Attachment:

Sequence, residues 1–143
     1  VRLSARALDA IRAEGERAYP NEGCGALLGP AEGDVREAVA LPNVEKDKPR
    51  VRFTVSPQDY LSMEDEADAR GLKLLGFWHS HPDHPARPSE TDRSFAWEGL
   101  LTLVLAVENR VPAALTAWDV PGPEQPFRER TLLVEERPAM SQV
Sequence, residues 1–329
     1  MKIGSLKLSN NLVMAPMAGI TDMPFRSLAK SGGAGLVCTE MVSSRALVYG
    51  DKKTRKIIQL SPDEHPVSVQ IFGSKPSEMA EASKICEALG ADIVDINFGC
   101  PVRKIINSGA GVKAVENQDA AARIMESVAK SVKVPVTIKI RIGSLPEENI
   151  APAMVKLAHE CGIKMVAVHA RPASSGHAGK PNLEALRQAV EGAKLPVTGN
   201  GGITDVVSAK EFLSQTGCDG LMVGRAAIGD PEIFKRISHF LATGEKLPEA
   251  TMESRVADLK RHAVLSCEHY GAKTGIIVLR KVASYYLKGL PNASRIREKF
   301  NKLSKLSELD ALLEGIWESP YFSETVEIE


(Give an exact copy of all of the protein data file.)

Sequence, residues 1–143
     1  VRLSARALDA IRAEGERAYP NEGCGALLGP AEGDVREAVA LPNVEKDKPR
    51  VRFTVSPQDY LSMEDEADAR GLKLLGFWHS HPDHPARPSE TDRSFAWEGL
   101  LTLVLAVENR VPAALTAWDV PGPEQPFRER TLLVEERPAM SQV
Sequence, residues 1–329
     1  MKIGSLKLSN NLVMAPMAGI TDMPFRSLAK SGGAGLVCTE MVSSRALVYG
    51  DKKTRKIIQL SPDEHPVSVQ IFGSKPSEMA EASKICEALG ADIVDINFGC
   101  PVRKIINSGA GVKAVENQDA AARIMESVAK SVKVPVTIKI RIGSLPEENI
   151  APAMVKLAHE CGIKMVAVHA RPASSGHAGK PNLEALRQAV EGAKLPVTGN
   201  GGITDVVSAK EFLSQTGCDG LMVGRAAIGD PEIFKRISHF LATGEKLPEA
   251  TMESRVADLK RHAVLSCEHY GAKTGIIVLR KVASYYLKGL PNASRIREKF
   301  NKLSKLSELD ALLEGIWESP YFSETVEIE